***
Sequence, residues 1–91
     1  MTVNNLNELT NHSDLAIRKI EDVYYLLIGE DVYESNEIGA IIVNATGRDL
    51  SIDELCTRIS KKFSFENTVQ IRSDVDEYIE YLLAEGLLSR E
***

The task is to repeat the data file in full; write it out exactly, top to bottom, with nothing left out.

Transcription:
Sequence, residues 1–91
     1  MTVNNLNELT NHSDLAIRKI EDVYYLLIGE DVYESNEIGA IIVNATGRDL
    51  SIDELCTRIS KKFSFENTVQ IRSDVDEYIE YLLAEGLLSR E